Wrought iron was traditionally smelted at a relatively low temperature in the solid state to produce a spongey mass of metal called a bloom from which the impurities were driven off as liquid slag by hammering, hence the term "wrought" ie "worked" iron. The bloomery method was later replaced with others, more sophisticated, which achieved the same results. Wrought iron is very pure, with a carbon content of less than 1%, which makes it resistant to corrosion, strong in tension and malleable. It was much used for gates and railings, and for structural members, but the early methods of production, (the iron cooled quickly and could only be worked in small quantities) limited the size of parts which could be easily made. Long thin sections were impossible until the development of the rolling mill, which is still used in steel production, during the eighteenth century. The rollers could be shaped to produce bars of different sections for the smith, nailmaker etc and eventually patterned sections , which were known as fancy work.
By comparison, cast iron, only produced commercially after the introduction of cupola blast furnaces in 1794, was smelted at much higher temperatures in the liquid state, and so became saturated with carbon from the furnace fuel, up to about 5%. It was then poured out (ie cast) into a mould to produce blocks traditionally known as pigs, because the line of individual blocks connected to a channel looked like a litter of suckling pigs, hence the name "pig iron". The high carbon content makes cast iron very rigid in compression, but weak and brittle in tension, even when red hot, so it cannot be forged or rolled. However it also lowers the melting point so it can be easily poured into moulds to produce complex shapes. Moulds were commonly made of a sand or clay mixture.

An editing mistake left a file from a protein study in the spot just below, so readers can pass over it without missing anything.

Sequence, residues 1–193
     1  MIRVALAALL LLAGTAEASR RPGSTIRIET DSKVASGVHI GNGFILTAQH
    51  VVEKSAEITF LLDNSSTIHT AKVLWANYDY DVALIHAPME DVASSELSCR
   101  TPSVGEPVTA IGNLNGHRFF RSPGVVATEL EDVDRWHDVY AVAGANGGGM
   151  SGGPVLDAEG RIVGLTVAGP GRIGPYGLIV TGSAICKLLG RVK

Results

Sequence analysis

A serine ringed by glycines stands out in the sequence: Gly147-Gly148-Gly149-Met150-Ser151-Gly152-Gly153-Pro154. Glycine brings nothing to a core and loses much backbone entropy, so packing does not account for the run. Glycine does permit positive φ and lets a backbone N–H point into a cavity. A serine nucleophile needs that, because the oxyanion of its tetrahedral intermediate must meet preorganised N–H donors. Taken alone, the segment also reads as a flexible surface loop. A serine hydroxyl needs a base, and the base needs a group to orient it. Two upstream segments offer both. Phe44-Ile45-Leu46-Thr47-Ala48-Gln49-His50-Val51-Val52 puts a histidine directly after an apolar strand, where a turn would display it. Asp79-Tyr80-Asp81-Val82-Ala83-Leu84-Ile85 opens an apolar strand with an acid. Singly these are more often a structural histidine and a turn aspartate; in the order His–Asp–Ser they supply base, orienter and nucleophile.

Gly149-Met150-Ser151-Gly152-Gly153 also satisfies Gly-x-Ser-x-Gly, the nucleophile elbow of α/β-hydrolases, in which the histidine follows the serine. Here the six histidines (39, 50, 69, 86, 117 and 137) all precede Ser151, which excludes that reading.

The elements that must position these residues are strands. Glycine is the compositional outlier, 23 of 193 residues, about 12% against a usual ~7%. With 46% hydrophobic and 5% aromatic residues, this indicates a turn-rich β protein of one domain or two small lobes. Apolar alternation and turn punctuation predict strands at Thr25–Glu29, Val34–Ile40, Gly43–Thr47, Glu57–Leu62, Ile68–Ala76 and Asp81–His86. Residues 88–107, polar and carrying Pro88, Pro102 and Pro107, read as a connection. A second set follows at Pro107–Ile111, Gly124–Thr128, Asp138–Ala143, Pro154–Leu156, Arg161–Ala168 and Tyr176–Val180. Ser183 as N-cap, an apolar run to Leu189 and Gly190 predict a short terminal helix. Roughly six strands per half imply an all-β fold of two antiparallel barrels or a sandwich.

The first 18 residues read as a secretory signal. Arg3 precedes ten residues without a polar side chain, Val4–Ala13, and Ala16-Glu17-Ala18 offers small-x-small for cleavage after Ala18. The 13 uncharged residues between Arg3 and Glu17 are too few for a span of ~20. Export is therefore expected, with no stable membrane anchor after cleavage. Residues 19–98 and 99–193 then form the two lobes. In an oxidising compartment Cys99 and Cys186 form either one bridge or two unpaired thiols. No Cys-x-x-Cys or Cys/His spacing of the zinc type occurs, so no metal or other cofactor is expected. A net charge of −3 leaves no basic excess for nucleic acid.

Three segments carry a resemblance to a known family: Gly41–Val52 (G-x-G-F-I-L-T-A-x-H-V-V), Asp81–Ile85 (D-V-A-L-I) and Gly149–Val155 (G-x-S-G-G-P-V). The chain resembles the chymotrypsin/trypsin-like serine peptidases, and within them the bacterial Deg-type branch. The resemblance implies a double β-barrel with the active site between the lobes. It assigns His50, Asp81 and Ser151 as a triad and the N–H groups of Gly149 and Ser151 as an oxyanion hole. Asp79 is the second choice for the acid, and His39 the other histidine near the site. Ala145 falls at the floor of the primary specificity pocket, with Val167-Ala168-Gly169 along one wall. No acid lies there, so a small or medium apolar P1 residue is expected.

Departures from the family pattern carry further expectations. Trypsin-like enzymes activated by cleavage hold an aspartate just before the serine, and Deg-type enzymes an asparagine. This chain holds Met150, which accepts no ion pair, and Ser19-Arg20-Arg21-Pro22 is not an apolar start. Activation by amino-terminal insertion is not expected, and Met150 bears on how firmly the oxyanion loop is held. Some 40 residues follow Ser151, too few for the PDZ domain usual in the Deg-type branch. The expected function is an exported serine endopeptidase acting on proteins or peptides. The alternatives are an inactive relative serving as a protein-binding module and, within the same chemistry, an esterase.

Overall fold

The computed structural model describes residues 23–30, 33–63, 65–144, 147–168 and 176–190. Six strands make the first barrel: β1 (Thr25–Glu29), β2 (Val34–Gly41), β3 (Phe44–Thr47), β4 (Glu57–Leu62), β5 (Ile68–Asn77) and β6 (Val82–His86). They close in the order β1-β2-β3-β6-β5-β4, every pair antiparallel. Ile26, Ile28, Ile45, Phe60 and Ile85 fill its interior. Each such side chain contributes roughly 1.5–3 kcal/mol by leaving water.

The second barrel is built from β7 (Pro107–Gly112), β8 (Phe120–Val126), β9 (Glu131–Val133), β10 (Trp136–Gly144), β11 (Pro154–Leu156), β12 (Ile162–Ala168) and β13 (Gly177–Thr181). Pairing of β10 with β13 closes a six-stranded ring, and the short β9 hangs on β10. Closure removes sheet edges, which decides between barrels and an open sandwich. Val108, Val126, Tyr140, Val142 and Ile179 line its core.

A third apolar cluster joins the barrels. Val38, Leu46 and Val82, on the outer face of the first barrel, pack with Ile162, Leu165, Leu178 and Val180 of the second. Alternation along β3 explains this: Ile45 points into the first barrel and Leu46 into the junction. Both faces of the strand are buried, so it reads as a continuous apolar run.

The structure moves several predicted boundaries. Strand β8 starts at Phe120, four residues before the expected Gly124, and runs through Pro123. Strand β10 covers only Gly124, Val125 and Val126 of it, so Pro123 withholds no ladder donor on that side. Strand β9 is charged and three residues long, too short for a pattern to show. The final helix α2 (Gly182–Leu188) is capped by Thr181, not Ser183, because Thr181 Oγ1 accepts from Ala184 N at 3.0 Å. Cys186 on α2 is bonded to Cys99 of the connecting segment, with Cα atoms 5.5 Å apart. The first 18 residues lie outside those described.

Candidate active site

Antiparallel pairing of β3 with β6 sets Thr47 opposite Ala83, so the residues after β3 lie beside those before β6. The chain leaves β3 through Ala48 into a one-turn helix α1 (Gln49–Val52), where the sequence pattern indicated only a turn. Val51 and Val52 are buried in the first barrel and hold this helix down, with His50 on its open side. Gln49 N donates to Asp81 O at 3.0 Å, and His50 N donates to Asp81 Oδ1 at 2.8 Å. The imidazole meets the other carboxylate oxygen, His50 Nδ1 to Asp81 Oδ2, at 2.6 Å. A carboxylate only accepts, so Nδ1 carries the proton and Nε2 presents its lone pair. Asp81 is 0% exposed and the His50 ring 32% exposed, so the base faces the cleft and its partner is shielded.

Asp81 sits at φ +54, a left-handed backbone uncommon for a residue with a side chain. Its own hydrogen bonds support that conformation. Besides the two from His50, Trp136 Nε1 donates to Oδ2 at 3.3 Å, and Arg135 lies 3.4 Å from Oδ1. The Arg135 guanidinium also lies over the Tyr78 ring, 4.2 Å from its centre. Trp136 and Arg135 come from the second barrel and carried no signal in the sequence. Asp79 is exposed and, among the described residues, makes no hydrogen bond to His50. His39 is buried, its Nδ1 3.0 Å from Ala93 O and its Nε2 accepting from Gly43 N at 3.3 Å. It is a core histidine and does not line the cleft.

Casting techniques improved and by the end of the Georgian period, the material was being used for all types of structural and decorative purposes. Both cast and wrought were in wide use for items such as cooking pots to gravestones, door furniture to machinery even whole buildings, until they were supplanted by steel, an iron/carbon alloy.
It can be difficult to tell wrought from cast iron. Generally, wrought iron is more delicate and is employed for the more fantastic shapes. Cast iron is usually chunkier and as the process would suggest occurs where detail is repeated. A broken piece of wrought iron will reveal a fibrous structure, while broken cast iron is more crystalline. The catalogues of the great foundries, such as McFarlanes and Carron, were fantastic works of art, now much prized. Most foundries signed and dated their work.
Wrought iron has now been totally eclipsed by steel production. Cast iron has come back into fashion as a structural material in the last decade partly due to the development of SG (spheroidal graphite) malleable cast iron. Certain additives cause the excess carbon to precipitate out of the iron into tiny globules, allowing the iron matrix to regain its flexibility and tensile strength, and function more or less like wrought iron.
Corrugated iron was invented in London in 1828 by Henry Robinson Palmer. It involves a rolling mill process, if it is stamped, it will have weak spots. It quickly became popular particularly for roofing and farm buildings, but was also used in more elaborate structures. There is a corrugated iron ballroom at Balmoral.
The Cast Iron Soil Pipe Institute an American organisation dedicated to aiding and improving the plumbing industry.